The External Nose

by Monica Bennett about a year ago in evolution

What We Know and What We Don't

The External Nose

Some are tiny and button-like, some look like a ski jump, others have bumps in the middle or wide nostrils, but they are all sone of the biggest mysteries in evolution. Why do we have an external proboscis that protrudes from our faces? This should be an easy question to find an answer to, but nothing could be further from the truth. A lot of research has been done on the shape of the nose and that is determined by the climates our ancestors lived in. In a paper published in PLOS Genetics, "Investigating the case of human nose shape and climate adaptation" byArslan A. Zaidi, Brooke C. Mattern, Peter Claes, Brian McEvoy, Cris Hughes, Mark D. Shriver, the authors put forth the idea that wide noses with larger nares are selected for in warm, wet environments, and long, narrow noses are selected for cold, dry climates. They examined nose measurements from a total of 140 women who were of West African, East Asian, northern European or South Asian ancestry. One doesn't have to leave Africa to find exceptions to their findings. Northern Ethiopians and Eritreans have narrow noses, and genetics have shown little admixture from Europeans or Arab groups, and instead have a common cluster of Y chromosome E3b, a haplogroup unique to the horn of Africa. Then there are the Fulani people of West Africa. They live in a warm, humid climate, but have narrow noses. This is the largest tribe in Africa, and they do not fit the mold these researchers have determined.

Ethiopian Woman

Another glaring inconsistency is the Neanderthal. If they are cold-adapted, why do they have such wide noses? This study on nose shape does not take into consideration the Inuits, who have wide noses but live in cold climates. The authors claim that a narrower nose warms the cold air by adding more turbulence to an inhalation. However, Takeshi Nishimura at Kyoto University, Japan, and his colleagues argue that both chimps and macaques perform circulation through the nose better than we do. They tested three different air types; hot/humid, cold/dry, and hot/dry. In each case, the nonhuman primates conditioned the air better. These authors nix the climate based nose. In a statement from CARTAby Robert Franciscus, "...the precise role of the external nose independent of the internal nasal cavity in terms of conditioning respiratory air and ameliorating moisture loss is incompletely understood."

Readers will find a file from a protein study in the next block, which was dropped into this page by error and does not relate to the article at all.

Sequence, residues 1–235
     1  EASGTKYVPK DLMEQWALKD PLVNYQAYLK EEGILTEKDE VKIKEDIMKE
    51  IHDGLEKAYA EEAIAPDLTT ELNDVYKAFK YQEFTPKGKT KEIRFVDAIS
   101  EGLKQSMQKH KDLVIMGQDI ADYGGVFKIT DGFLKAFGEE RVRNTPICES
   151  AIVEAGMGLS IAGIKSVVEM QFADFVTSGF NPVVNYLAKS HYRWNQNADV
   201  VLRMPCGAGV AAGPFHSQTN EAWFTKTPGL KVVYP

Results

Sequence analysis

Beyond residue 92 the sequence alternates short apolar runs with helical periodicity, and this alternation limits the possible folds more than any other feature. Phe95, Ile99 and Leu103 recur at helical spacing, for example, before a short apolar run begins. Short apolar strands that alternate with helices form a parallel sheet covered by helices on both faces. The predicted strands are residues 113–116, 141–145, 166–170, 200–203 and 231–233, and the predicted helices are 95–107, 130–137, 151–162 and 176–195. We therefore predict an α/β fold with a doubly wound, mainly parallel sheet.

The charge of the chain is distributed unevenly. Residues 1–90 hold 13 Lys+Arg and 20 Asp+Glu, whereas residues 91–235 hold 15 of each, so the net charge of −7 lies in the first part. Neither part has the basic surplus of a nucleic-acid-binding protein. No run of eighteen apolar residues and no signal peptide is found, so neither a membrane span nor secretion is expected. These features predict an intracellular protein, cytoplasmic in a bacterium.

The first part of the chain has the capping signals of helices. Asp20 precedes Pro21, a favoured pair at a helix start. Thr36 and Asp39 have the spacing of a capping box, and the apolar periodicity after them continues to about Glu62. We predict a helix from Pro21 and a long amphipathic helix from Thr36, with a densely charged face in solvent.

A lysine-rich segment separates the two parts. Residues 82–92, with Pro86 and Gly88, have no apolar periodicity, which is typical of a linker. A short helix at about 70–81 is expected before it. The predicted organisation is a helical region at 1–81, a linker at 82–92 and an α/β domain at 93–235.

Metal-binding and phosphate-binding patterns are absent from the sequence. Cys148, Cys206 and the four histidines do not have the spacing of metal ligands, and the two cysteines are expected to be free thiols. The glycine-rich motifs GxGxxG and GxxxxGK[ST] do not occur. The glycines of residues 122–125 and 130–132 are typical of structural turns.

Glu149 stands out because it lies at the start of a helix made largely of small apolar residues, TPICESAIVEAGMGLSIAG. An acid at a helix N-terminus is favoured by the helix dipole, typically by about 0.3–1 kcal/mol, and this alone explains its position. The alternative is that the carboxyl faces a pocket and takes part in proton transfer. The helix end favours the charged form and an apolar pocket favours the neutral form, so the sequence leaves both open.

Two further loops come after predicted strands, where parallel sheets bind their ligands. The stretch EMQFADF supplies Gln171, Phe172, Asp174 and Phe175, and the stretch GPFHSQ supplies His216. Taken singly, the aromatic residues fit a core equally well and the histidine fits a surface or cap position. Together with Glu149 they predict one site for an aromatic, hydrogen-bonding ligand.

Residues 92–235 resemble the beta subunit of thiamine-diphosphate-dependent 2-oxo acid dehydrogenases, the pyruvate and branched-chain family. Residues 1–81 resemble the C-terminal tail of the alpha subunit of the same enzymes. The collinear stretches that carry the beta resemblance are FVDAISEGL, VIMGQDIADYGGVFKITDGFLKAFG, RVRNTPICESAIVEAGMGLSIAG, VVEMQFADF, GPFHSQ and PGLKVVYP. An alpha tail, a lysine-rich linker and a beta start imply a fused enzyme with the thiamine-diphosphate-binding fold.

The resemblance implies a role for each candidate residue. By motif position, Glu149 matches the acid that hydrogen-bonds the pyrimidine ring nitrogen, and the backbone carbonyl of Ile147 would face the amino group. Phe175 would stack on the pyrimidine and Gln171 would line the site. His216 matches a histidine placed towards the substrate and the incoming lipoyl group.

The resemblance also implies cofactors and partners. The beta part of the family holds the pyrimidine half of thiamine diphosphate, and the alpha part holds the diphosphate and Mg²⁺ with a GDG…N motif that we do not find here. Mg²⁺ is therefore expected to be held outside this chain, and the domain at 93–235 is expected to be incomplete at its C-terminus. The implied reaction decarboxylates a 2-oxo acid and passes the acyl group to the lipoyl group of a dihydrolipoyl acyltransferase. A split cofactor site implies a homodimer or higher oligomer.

Downward Pointing Nostrils

None of this explains why our noses project from our faces. There are researchers who say the big brain and smaller teeth of modern humans forced the nose to protrude because of limited space on the face but that just doesn't seem logical. Why didn't the flat nose just get smaller instead of projecting? There is one answer to all of this that might offer an answer. If we lived at the coast, an idea gaining in popularity, then we would have spent time in the water. Our noses have a built-in umbrella that helps keep water out. We can also close off our noses with an internal muscle. This is something water mammals have in common. Otters, beavers, polar bears, seals, and hippos can do it too. Their nostrils do not face downward, but our downward facing noses allows the air in our nostrils to block the water from coming in while we briefly lowered our heads while gathering food in the water. While we were not water mammals per say, we spent enough time in the shallows to allow for selection of a better nose for life on the shore. We developed a nose that would permit waterproof gathering with heads bent in the water, a streamlined acquisition for swimming, and free hands for both. If you search Scholar Google, you'll find absolutely zero research on the external nose. Try the subscription services such as DeepDyve or Jstor, and it's the same thing. Why do our noses protrude? These are the available choices, at present. The only one that makes sense is the waterside theory. The actual shape of the human nose may be the result of genetic drift or sexual preference or both.

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Monica Bennett

I am a retired high school and college teacher. I have taught forensics, biology, chemistry, ecology, and Earth science.. Long Island has been my home for 60 years.

See all posts by Monica Bennett